I’ll start this post with a confession. Obviously, the Inca Trail is the famous route that everyone wants to take. However, we were unaware that the Inca Trail treks sell out six months in advance. We sadly figured this out at the end of February and were pretty disappointed that we wouldn’t be able to do it. However, after more research on other trekking options, we found the Salkantay Trek. This has the reputation of being the hardest trek and I must say, IT WAS, BUT SO WORTH IT! We were told by multiple people, including guides, that the Inca Trail is so packed, you’re never alone to enjoy the moment. But Salkantay exceeded every expectation possible. I couldn’t recommend this more. Absolutely remarkable. I’m sure one day I’ll still do the Inca Trail, but this was the best decision (though we didn’t have much of a choice) we’ve made thus far.
A grueling 4 nights, 5 days… Here’s a look into the tour from our perspective:
Our day started with a 5am hotel pick-up, a 2 hour drive to the trailhead, breakfast, and the beginning of five long days of walking. We knew the first day would be the hardest so were mentally prepared for that. However, what we weren’t prepared for was the weather. Rain, mud, clouds, freezing temperatures, and then snow! That’s right. Snow. I slightly regretted this tour for a moment when the white flakes started to fly. Within the first four hours of our trek, we climbed 3,000 vertical feet to the Salkantay Pass situated at 15,280ft. And I won’t sugar coat it, I thought I was going to be sick. The uphill was so vertical, so cold, so hard (mostly because of our full stomaches after lunch, and the altitude didn’t help either), but I wasn’t feeling too great when we reached the pass. But happy to know the hard part was behind us and we made it!
When the weather is clear, you can see the Salkantay summit at 20,574 ft and it’s supposed to be stunning. Unfortunately, with the clouds and fog so thick, we could barely see 10 feet away.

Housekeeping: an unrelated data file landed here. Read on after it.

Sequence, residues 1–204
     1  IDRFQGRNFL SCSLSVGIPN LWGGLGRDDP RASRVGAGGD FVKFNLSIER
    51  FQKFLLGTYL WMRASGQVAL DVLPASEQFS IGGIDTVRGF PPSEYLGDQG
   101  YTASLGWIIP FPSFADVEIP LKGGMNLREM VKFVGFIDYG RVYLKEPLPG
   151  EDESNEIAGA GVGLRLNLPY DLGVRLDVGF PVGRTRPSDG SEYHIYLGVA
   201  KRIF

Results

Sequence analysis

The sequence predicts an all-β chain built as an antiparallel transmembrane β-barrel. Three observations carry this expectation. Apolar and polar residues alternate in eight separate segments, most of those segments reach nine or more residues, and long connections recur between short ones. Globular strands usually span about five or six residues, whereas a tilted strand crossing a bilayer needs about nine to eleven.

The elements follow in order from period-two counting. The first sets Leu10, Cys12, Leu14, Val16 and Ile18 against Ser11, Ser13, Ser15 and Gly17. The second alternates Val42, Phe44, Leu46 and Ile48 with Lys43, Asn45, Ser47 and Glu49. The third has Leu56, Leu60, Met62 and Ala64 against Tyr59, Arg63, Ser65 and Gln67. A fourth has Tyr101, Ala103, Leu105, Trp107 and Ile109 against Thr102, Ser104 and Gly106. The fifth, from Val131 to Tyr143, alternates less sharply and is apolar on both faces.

Salkantay is the highest peak of the Willkapampa mountain range, part of the Peruvian Andes, the 38th highest peak in the Andes, and the twelfth highest in Peru. However, as a range highpoint in deeply incised terrain, it is the second most topographically prominent peak in the country.
15,280ft pass. – 8.5 hour day – 15k/9 miles.
We finally made it to our camp after what felt like a never-ending mud road. The trail is a pack trail with horses tromping around and there isn’t a dry patch to step for miles. I gave up trying to keep my shoes somewhat dry and clean after the first hour of attempting to dodge the mud and horse poop failed.
Our tents were set up at the mountains basin with stunning views of the valley and its peaks surrounding us. The weather cleaned in the evening and left us with beautiful views of the valley and peaks all night and the most amazing stargazing I’ve ever seen… Hey there, Milky Way! That first night was cold, cold, cold. But not as cold as Fitz Roy, thankfully. The sleeping bag and tent were in much better condition and we were even given a hot water bag to sleep with. This helped tremendously. Actually was the best night of sleep I’ve had in a while. We were absolutely exhausted, went to bed at 8:30pm and woke up at 6am to do it all again.
After conquering the hardest portion of the trek on Day 1, we now had to get through the longest day on Day 2. We had 18k/11 miles ahead of us, 80% downhill. I was feeling good and excited to get down to a warmer climate and lower elevation.
Unfortunately, more mud from the pack trail and rain found us again. We walked through the high village people’s house properties when the trail was either destroyed by weather or horses.
Over the 8 hours of hiking, we dropped 7,000ft in elevation, taking us from the high elevation Andes with snow to the Cloud Forest with wild horses and warm temperatures. Amazing.
We had to take a slight detour for the last two hours because a landslide had washed out the trail. Instead, we took a local cable car to cross the river, 150ft above. Sketchy, but quite the experience.
We finally made it to camp in 8 hours and ended the day at a natural hot spring, which was more like a resort for 20 year olds on spring break. But it was so nice to jump in the warm water and “wash” off — No more llama smell for us!
Today was a relatively short day of only five hours of hiking. We trekked 7 miles up the valley and through the rain forest. It’s incredible how much the landscape continues to change each day, each hour, each turn. Today was difficult because of the heat and humidity, but the views were incredible.